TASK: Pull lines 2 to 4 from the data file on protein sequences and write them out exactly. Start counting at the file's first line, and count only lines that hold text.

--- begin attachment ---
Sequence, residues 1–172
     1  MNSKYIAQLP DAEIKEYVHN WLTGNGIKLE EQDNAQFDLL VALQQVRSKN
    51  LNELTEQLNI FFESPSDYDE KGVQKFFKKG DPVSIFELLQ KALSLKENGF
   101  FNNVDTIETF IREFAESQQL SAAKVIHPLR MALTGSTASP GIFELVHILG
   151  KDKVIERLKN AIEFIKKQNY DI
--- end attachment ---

     1  MNSKYIAQLP DAEIKEYVHN WLTGNGIKLE EQDNAQFDLL VALQQVRSKN
    51  LNELTEQLNI FFESPSDYDE KGVQKFFKKG DPVSIFELLQ KALSLKENGF
   101  FNNVDTIETF IREFAESQQL SAAKVIHPLR MALTGSTASP GIFELVHILG